Microbial Fuel Cells and Microbial Ecology: Applications In Ruminant Health and Production Research.
Microbial ecology. 2010 Apr 01; 59: 415-27.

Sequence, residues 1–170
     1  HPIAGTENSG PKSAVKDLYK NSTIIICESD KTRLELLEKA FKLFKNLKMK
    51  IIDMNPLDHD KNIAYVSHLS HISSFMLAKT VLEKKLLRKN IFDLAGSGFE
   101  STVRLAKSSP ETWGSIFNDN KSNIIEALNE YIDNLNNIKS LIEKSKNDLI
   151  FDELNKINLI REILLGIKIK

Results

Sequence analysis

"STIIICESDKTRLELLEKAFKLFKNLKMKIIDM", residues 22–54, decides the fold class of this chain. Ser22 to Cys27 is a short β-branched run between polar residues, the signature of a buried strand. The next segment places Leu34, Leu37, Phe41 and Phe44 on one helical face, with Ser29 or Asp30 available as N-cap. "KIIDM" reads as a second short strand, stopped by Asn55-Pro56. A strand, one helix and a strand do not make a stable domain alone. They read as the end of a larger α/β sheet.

Microbial fuel cell (MFC) systems employ the catalytic activity of microbes to produce electricity from the oxidation of organic, and in some cases inorganic, substrates. MFC systems have been primarily explored for their use in bioremediation and bioenergy applications; however, these systems also offer a unique strategy for the cultivation of synergistic microbial communities. It has been hypothesized that the mechanism(s) of microbial electron transfer that enable electricity production in MFCs may be a cooperative strategy within mixed microbial consortia that is associated with, or is an alternative to, interspecies hydrogen (H(2)) transfer. Microbial fermentation processes and methanogenesis in ruminant animals are highly dependent on the consumption and production of H(2)in the rumen. Given the crucial role that H(2) plays in ruminant digestion, it is desirable to understand the microbial relationships that control H(2) partial pressures within the rumen; MFCs may serve as unique tools for studying this complex ecological system. Further, MFC systems offer a novel approach to studying biofilms that form under different redox conditions and may be applied to achieve a greater understanding of how microbial biofilms impact animal health. Here, we present a brief summary of the efforts made towards understanding rumen microbial ecology, microbial biofilms related to animal health, and how MFCs may be further applied in ruminant research.